Although this is a very opinion-based matter, there are two things to keep in mind. I presume here, with "USB scope" you refer to an oscilloscope that has no display or controls, and requires a computer to operate. I presume you do not mean an oscilloscope that can be connected to a computer, since any modern scope is capable of doing this.
USB scopes are often made to a price - they are aimed at entry-level buyers, who consider 500 USD/EUR/Whatever too much. Hence, they will, in my experience, be of lower quality. Exceptions to this exist - I've heard many good things about the picoscope, and of course there are devices such as the NI virtualbench that are excellent products (however I think this is not the price range you had in mind when asking this question).
The main difference is in the interface. In the end, most oscilloscopes are the same (to the untrained eye): Apart from a bandwidth difference between models, digital scopes are just fancy analog-to-digital converters with trigger systems and a screen. But this latter is key: The triggering system, its capabilities, and the software to control the entire thing is what makes-or-breaks an oscilloscope - esp. to someone who is at the knowledge level to ask this question. For every day, hobby use, I much prefer the physical nature of oscilloscope control knobs. Fiddling about with mouse sliders and such just never seems to work fast for quick-and-dirty measurements.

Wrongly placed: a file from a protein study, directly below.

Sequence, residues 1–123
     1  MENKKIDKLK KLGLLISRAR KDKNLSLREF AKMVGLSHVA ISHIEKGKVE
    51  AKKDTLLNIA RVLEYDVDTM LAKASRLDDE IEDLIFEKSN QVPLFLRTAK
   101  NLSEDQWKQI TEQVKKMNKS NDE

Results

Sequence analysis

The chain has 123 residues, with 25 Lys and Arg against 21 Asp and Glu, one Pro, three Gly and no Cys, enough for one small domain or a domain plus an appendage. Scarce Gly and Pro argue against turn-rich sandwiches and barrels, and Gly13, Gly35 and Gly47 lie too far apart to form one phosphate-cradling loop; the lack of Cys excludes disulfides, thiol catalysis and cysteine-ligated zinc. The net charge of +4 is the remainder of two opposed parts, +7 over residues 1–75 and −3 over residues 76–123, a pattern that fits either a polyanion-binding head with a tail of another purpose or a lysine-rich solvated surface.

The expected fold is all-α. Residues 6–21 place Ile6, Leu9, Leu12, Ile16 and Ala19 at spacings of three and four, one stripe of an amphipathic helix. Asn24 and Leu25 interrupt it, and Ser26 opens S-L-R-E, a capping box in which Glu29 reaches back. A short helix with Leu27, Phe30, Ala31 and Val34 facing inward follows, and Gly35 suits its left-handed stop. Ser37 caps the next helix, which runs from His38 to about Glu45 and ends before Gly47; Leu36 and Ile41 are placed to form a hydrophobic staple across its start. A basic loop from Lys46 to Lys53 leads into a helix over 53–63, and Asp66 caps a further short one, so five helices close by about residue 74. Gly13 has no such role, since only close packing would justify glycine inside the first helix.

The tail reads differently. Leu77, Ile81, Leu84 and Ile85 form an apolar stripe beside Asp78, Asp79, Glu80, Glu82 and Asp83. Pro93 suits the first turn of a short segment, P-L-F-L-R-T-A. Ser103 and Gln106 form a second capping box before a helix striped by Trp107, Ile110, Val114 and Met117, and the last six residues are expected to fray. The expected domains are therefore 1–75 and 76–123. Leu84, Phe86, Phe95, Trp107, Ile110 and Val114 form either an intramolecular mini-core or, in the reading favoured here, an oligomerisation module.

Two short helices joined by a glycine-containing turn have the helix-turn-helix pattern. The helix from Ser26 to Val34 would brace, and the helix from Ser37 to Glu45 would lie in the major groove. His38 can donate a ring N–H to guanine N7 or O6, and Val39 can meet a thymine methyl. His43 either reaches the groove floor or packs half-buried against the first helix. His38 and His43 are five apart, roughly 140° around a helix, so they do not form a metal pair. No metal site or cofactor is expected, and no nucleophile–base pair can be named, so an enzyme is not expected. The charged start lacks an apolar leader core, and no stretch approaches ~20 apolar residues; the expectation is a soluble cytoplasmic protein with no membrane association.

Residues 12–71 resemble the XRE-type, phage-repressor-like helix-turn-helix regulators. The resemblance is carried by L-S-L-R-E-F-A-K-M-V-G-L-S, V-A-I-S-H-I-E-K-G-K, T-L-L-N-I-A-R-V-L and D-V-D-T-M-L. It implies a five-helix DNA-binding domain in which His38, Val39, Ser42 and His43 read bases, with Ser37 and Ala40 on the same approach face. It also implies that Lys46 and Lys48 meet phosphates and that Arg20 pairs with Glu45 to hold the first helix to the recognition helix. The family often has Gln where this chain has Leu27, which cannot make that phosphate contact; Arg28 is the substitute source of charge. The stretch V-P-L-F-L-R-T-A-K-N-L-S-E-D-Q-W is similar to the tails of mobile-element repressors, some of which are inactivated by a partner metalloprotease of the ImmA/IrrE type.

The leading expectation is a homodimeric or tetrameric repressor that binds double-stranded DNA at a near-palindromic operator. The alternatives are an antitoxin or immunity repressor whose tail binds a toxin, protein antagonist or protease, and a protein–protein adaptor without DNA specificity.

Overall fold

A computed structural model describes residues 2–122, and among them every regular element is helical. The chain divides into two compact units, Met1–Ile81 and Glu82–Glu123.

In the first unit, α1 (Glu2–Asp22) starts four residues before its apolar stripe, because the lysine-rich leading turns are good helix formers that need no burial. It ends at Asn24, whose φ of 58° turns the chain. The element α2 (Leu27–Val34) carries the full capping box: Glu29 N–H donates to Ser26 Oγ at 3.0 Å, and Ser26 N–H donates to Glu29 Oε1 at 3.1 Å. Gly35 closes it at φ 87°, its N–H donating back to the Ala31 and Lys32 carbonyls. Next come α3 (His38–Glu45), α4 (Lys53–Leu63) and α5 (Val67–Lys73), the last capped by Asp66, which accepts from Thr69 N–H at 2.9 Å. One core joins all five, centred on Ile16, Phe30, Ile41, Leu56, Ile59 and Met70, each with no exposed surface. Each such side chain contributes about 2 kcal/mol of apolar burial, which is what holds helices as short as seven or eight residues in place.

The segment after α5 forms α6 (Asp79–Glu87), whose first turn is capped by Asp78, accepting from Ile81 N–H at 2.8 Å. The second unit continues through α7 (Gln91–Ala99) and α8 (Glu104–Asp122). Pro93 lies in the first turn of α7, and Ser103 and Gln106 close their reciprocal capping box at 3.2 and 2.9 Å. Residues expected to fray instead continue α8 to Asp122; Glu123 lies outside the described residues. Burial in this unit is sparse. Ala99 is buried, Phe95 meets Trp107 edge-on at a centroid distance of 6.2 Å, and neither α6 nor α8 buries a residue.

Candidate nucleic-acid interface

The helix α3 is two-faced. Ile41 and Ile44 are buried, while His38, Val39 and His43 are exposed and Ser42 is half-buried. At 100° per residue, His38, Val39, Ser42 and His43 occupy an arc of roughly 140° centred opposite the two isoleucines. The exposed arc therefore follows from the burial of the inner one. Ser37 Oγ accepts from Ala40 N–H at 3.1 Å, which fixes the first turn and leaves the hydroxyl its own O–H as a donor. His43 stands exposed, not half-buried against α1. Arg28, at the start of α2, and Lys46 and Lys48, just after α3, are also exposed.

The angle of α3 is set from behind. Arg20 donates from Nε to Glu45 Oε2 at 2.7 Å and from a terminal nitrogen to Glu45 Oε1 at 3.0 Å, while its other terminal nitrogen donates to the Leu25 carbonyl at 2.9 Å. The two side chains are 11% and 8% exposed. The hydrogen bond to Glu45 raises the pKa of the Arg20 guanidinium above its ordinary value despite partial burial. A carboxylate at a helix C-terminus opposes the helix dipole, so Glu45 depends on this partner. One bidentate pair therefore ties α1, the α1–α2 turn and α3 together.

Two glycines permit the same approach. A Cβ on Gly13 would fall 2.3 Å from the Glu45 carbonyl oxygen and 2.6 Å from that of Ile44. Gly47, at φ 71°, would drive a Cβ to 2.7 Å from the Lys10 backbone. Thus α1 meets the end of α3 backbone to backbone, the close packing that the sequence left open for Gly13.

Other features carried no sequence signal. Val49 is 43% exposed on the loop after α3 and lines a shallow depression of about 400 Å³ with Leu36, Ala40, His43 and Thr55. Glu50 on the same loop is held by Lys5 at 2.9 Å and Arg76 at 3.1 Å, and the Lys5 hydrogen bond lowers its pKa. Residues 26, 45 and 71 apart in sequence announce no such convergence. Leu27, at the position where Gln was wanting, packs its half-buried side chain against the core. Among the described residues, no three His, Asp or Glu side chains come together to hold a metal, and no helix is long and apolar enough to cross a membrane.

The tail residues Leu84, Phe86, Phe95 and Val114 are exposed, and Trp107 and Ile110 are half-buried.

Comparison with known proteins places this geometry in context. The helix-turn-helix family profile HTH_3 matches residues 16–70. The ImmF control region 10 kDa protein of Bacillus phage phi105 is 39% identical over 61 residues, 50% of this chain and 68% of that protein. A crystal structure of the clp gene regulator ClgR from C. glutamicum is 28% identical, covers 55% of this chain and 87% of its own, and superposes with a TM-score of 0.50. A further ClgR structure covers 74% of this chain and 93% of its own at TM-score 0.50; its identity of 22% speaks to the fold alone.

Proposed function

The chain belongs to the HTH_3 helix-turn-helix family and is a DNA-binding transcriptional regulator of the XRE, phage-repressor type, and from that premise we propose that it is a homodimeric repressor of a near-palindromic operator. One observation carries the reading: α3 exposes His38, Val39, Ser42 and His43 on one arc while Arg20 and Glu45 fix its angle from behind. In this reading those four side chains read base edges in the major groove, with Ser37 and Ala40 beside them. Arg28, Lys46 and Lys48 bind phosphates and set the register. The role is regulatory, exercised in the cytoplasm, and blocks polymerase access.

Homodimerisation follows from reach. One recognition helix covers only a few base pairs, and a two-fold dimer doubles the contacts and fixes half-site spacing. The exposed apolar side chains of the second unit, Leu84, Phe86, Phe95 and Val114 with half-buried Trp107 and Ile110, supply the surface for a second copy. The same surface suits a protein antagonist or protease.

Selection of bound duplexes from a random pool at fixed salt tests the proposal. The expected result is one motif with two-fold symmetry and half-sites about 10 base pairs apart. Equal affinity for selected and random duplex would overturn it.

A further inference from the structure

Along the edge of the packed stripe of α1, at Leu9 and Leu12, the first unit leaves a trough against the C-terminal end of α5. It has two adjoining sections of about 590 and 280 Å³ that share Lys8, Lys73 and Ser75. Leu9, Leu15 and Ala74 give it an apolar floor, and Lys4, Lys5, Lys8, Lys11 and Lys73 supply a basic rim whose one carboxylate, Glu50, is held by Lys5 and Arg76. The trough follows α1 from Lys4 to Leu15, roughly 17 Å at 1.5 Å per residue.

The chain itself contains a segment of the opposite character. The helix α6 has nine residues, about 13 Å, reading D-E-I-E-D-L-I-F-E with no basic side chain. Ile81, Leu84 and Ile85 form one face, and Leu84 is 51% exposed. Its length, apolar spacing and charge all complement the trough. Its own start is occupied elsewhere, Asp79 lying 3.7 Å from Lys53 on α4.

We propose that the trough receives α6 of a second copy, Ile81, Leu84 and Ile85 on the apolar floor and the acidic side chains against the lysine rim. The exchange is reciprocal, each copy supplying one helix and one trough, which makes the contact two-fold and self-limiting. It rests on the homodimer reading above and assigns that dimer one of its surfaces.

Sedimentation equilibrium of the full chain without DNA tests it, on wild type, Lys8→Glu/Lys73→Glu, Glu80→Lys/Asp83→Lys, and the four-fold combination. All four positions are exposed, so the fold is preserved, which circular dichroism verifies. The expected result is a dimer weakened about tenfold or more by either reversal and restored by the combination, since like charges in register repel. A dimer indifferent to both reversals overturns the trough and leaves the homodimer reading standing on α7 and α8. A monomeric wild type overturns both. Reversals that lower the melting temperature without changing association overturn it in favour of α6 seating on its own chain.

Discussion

And finally as a sidenote: Consider the lifespan of a product and its dependence on a second system. If you purchase a USB oscilloscope, there is a good chance you won't be able to use it in 10-15 years. No more driver updates, computers (in whatever form they are then) no longer have USB interfaces, the software doesn't support your device, etc.. A "classic" oscilloscope is fully integrated and stand-alone. As long as the thing powers on, you know it will be able to take measurements. You need not rely on the support of the device on a second system.